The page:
Civil reactions to mounting unemployment apart, unrelenting austerity – which is evidently Merkel’s idea of what a fiscal union means – will make it harder to restore competitiveness in trade goods and services because austerity discourages new investment and it promotes the emigration of the youthful unemployed and the educated and skilled.

There’s lots of political froth in the public debate in Britain but little beyond the FT on the causes of the Eurozone crisis.

I’d be the more impressed if those who went on about Cameron focused instead on what would have followed if he had signed up to the deal on offer without any safeguards for Britain’s financial services industry – which amounts to about 10 pc of the British economy, a legacy from Blair’s New Labour government which ran a much drier industrial policy than ever Mrs T’s governments did. Labour welcomed a flourishing financial services industry because it generated the tax revenues which the government could splash on healthcare and education. We are where we are because of that that political strategy – and because of the gross mismanagement of the Scottish banks, RBS and HBOS.

By FT reports, among the safeguards Cameron sought at the EU summit was that of the option to set higher capital requirements for banks than than permitted by EU regulations – which would allow for contra-cyclical variations in the capital requirements for banks so as to rein in bank lending fuelling asset-price bubbles. That seemed reasonable to me but the Eurozone folk are worried about the prospect of too many Eurozone banks failing stress tests and that inhibits a willingness to raise the capital requirement for banks.

Nitty-gritty detais such as that are crucial for assessing the implications of the EU summit but all we get is more and more political froth.

There’s no point in going on and on – as Sarkozy does – about the need to better regulate financial services markets without discussing the all-important detail of new regulations. I fully understand Cameron’s unwillingness to sign blank cheques – not least because one of the main causes of the Eurozone crisis was the continuing breaching of the requirements for fiscal discipline set out in the Growth and Stability Pact of 1995. The fact is that Eurozone governments can’t be trusted to adhere to mutual agreements.

I am happy to have left the UK just in time before the UK leaves the EU.

By Ken Clarke’s account, there was no actual discussion last Friday at the EU summit of the safeguards for Britain’s financial services industry that Cameron was seeking, some quite technical. The safeguards were simply dismissed by Sarkozy as ‘unacceptable’:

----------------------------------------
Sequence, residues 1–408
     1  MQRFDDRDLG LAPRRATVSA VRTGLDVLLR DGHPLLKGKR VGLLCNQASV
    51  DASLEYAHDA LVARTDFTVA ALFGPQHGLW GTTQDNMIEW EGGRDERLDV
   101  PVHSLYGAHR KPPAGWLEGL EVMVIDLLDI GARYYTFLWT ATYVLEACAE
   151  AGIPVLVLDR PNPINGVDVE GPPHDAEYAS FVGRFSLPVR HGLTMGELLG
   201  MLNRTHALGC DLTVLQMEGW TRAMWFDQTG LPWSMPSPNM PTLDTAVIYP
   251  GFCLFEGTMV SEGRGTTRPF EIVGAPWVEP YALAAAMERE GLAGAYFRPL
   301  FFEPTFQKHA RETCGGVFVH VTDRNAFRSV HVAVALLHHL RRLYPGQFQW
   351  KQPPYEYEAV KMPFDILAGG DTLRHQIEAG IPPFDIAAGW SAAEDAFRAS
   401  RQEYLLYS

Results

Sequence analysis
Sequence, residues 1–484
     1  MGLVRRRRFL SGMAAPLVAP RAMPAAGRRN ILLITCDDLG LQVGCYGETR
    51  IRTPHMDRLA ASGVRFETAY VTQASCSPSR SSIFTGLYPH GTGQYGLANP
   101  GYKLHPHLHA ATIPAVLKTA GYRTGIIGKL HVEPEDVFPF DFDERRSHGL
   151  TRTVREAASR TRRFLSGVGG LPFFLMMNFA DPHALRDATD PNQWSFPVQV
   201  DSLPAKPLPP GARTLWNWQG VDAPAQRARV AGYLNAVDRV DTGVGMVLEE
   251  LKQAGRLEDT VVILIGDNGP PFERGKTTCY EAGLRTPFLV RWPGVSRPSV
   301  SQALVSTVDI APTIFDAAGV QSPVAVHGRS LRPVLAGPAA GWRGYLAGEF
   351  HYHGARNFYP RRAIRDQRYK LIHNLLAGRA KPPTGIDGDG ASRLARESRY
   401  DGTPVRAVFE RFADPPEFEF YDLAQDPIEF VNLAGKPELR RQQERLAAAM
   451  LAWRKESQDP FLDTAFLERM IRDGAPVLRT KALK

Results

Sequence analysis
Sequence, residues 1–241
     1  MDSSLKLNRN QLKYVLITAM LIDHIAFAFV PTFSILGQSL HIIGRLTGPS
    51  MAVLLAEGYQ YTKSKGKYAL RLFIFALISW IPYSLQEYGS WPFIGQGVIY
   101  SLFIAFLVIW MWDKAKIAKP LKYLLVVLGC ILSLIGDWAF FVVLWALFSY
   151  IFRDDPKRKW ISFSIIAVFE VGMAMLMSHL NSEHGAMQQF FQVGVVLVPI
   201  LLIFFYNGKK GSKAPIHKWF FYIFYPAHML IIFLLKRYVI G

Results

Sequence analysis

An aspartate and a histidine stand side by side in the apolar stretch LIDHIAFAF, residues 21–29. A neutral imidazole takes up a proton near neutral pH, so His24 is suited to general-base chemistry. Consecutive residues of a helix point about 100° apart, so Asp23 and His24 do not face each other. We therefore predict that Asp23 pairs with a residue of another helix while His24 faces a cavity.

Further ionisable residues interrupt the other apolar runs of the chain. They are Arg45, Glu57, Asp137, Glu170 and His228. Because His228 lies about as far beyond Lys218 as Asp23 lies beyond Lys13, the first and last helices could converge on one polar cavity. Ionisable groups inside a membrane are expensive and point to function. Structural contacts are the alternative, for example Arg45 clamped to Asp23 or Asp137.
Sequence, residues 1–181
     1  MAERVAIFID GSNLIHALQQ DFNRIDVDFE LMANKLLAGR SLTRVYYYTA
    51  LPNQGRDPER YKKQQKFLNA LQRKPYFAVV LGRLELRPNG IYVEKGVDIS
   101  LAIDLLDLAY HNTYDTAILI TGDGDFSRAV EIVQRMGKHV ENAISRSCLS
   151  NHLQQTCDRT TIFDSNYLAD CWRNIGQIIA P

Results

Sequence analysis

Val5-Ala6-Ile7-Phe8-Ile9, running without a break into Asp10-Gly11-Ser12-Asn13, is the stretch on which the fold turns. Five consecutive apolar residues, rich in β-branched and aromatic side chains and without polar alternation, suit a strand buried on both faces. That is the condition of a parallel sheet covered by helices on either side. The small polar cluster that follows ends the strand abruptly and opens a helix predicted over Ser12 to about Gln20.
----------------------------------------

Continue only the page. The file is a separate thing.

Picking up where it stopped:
http://www.bbc.co.uk/news/uk-politics-16150764

This rather confirms my intuition that Cameron was stiched up. Given that context, Cameron had no option but to refuse to sign up to the proposed new EU treaty. The reasonal supposition is that was the conclusion Sarkozy wanted all along.

By preserving Britain’s autonomy in financial and monetary policy, the government will have greater scope to set regulations for financial services markets more suited to prevailing conditions here and – importantly – to implement recommendations flowing from the Vickers’ commission on banking when consultations are completed.

Those now wringing their hands over Britain’s supposed isolation in the EU are really obliged to defend their implied claim that the safeguards sought are of no significance. I’m waiting to hear why the sought safeguards are of no importance – but not holding my breath.

The rules for fiscal discipline in the Eurozone are already set out in the Growth and Stability Pact of 1995 but those rules were widely breached, including by France and Germany. The fact is that the governments of Eurozone countries can’t be relied on to stick to mutual agreements – that is why Germany wants a new EU treaty so rule breakers can be punished by fines. So much for the EU.

27. Leon Wolfson

@26 – And of course you take his word as gospel.

Cameron argued in bad faith, just as you do, and he was never going to get his ability to attack the EU even further. And out absolute isolation is going to cost us far, far more…potentially more than the City brings in!

Bob B, this analysis is absolutely spot on: